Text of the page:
Addresses some of the most prominent immigrant groups and the most striking episodes of nativism in American history. The introduction covers American immigration history and law as they have developed since the late eighteenth century. The essays that follow--authored by historians, sociologists, and anthropologists--examine the experiences of a large variety of populations to discover patterns in both immigration and anti-immigrant sentiment. The numerous cases reveal much about the immigrants' motivations for leaving their home countries, the obstacles they face to advancement and inclusion, their culture and occupational trends in the United States, their assimilation and acculturation, and their accomplishments and contributions to American life. From publisher description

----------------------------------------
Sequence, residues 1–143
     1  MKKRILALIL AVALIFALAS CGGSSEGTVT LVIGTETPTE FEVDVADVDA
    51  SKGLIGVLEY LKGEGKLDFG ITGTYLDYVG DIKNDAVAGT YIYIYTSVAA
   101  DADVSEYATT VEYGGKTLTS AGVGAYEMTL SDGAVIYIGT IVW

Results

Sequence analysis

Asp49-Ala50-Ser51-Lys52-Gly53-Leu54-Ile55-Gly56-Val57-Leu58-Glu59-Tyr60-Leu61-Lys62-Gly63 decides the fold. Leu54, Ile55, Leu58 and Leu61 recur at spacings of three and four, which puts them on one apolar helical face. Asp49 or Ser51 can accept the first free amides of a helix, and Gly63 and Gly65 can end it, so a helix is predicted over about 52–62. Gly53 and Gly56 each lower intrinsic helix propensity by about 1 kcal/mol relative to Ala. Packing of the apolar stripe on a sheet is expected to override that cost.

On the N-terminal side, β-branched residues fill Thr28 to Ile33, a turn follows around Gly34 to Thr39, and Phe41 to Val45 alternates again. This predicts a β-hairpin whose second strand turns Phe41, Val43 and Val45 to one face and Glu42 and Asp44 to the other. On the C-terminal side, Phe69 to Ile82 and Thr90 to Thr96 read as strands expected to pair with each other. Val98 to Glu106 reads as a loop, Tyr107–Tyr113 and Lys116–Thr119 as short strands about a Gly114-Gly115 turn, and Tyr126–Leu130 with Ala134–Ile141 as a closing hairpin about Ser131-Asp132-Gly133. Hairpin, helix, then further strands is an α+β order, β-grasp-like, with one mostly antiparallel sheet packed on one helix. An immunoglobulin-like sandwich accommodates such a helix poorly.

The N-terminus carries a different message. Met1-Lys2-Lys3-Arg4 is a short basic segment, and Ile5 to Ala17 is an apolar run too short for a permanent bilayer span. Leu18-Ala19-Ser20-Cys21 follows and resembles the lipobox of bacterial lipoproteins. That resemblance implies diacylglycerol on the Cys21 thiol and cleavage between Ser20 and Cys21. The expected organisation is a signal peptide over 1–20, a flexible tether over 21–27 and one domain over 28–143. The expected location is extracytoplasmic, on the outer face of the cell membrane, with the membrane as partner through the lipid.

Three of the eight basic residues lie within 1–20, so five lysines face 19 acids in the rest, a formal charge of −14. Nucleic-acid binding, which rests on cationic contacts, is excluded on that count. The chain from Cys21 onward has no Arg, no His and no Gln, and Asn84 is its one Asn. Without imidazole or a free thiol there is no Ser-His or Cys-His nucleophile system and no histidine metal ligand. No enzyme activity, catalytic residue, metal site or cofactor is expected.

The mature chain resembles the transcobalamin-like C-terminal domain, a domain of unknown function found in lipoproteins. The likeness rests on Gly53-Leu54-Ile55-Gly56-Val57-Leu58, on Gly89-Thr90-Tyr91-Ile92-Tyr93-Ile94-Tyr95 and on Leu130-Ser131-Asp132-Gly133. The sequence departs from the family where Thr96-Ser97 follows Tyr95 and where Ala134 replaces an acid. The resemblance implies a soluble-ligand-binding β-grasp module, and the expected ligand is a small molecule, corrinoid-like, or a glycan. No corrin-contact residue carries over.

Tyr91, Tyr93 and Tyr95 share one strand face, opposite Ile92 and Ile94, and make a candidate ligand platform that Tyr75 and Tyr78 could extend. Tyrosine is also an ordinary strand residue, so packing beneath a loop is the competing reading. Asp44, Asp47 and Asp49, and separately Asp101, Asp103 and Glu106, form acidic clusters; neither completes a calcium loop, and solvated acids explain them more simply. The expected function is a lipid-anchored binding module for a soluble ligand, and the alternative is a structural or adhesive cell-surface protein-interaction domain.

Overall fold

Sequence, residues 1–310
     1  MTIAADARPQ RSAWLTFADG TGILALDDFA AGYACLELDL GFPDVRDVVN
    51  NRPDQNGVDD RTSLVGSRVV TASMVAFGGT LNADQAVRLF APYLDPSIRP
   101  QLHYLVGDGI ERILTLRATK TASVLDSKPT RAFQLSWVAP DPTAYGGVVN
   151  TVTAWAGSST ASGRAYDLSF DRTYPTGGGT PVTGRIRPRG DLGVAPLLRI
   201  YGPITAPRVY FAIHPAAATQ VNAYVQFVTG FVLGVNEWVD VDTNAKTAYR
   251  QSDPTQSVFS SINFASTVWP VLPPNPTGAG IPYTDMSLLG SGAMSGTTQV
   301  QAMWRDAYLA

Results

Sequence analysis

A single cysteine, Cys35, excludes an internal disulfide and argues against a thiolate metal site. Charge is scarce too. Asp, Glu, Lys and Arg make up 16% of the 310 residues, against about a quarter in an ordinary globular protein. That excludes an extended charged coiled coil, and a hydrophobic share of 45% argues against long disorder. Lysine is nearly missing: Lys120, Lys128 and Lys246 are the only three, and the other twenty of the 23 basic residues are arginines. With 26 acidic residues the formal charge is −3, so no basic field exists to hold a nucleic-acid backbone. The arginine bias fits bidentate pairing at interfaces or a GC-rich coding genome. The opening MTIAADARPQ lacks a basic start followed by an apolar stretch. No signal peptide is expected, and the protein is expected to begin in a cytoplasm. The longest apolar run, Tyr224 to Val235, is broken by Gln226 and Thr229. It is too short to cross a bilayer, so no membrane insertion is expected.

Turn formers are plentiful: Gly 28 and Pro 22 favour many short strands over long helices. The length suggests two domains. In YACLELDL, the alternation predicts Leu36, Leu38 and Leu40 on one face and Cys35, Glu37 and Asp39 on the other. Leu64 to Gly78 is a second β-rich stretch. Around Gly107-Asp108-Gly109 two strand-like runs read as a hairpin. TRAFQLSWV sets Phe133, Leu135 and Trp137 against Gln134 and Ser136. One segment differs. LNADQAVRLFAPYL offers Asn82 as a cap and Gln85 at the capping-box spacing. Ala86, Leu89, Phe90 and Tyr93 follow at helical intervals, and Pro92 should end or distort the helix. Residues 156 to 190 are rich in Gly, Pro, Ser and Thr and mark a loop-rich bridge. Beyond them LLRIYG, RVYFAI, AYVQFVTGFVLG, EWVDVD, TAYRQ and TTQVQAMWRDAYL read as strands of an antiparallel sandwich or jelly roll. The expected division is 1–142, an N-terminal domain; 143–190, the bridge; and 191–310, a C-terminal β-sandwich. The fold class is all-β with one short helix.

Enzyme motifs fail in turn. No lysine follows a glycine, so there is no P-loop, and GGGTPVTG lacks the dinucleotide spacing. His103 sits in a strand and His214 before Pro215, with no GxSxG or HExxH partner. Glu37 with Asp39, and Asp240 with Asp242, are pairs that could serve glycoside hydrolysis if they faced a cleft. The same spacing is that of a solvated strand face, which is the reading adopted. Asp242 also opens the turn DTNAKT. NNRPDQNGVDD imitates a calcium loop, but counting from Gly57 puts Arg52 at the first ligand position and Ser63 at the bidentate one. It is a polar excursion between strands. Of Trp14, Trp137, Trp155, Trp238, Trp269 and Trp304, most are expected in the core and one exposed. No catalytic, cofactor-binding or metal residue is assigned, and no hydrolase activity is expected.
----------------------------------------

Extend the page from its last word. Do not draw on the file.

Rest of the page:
Since the 1990s, immigrant settlement has expanded beyond gateway cities and transformed the social fabric of a growing number of American cities. In the process, it has raised new questions for urban and migration scholars. This article argues that immigration to new destinations provides an opportunity to sharpen understandings of the relationship between immigration and the urban by exploring it under new conditions. Through a discussion of immigrant settlement in Nashville, Tennessee, it identifies an overlooked precursor to immigrant incorporation—how cities see, or do not see, immigrants within the structure of local government. If immigrants are not institutionally visible to government or nongovernmental organizations, immigrant abilities to make claims to or on the city as urban residents are diminished. Through the combination of trends toward neighborhood-based urban governance and neoliberal streamlining across American cities, immigrants can become institutionally hard to find and, thus, plan for in the city.